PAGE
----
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The Q2 sales data has made Huawei the leading phone maker in the world as international sales are affected by the coronavirus pandemic.
It’s a widely known fact that the coronavirus pandemic has resulted in a drop in international trade. As a result, the Chinese phone maker Huawei Technologies Co. Ltd (SHE: 002502) now leads other prominent phone manufacturers. Huawei has overtaken Samsung Electronics Co Ltd (KRX: 005930) and Apple Inc (NASDAQ: AAPL) in sales with the volumes recorded at 55.8 million smartphones.
The Q2 sales data has effectively made Huawei the leading phone maker. This is mainly due to the tanking of international sales that has given the Chinese manufacturer an edge through domestic sales. The records from research firm Canalys shows that the bulk of orders fulfilled by the company in Q2 of 2020 were of local origin. This is 70% of the sales recorded in the period. The report shows that the company’s international order dropped drastically within the period.
Huawei and Samsung Competition
Meanwhile, the second-placed shipper of smartphones in this quarter is Samsung. The company sold 53.7 million phones which is a 30% drop when compared with last year’s performance.
The competitive smartphone market has seen Huawei desire the top spot for several years. An accomplishment it has realized in this quarter. In April, the smartphone market dropped by 27% in comparison with last year’s sales.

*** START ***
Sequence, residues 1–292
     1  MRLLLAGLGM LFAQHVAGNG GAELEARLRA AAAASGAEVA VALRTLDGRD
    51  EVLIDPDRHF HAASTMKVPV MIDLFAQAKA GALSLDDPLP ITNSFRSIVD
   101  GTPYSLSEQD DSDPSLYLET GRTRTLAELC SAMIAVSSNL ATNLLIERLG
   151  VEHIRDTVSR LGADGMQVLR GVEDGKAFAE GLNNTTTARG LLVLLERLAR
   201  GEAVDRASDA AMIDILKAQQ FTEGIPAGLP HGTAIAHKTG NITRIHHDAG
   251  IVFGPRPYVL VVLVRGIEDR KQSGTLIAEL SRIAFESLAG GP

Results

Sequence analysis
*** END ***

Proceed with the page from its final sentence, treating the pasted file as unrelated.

Europe which has been a major market for Huawei has been hard hit by lockdowns like other regions. The company’s market share fell 16% in Q2 in the region. This is lower than the 22% market loss of 2019 in Europe.
Expansion of Huawei Share in Chinese Market
The recent dominance of Huawei has been shown to the direct effect of its expansion program in the Chinese market. Data available from Counterpoint Research shows that Huawei, which has been the third-largest phone maker trailing Samsung and Apple in Europe has continued to expand and strengthen its market in China.
Mao Jio from Canalys said:
“It will be hard for Huawei to maintain its lead in the long term.”
Companies in China have traditionally leveraged the county’s population to become big players on the global stage.
It’s obvious however that the local market is not enough to sustain the lead. Even the company’s partners are wary, according to Jio, “its major channel partners in key regions, such as Europe, are increasingly wary of ranging Huawei devices, taking on fewer models, and bringing in new brands to reduce risk.”
Huawei still faces opposition in the U.S. which placed restrictions on its services, effectively blocking its access to Google LLC (NASDAQ: GOOG) (NASDAQ: GOOGL) products such as Google Android. Google services are restricted in China anyway so the effects may not be felt locally. However, in the global scene, phone makers with access to these still have an edge.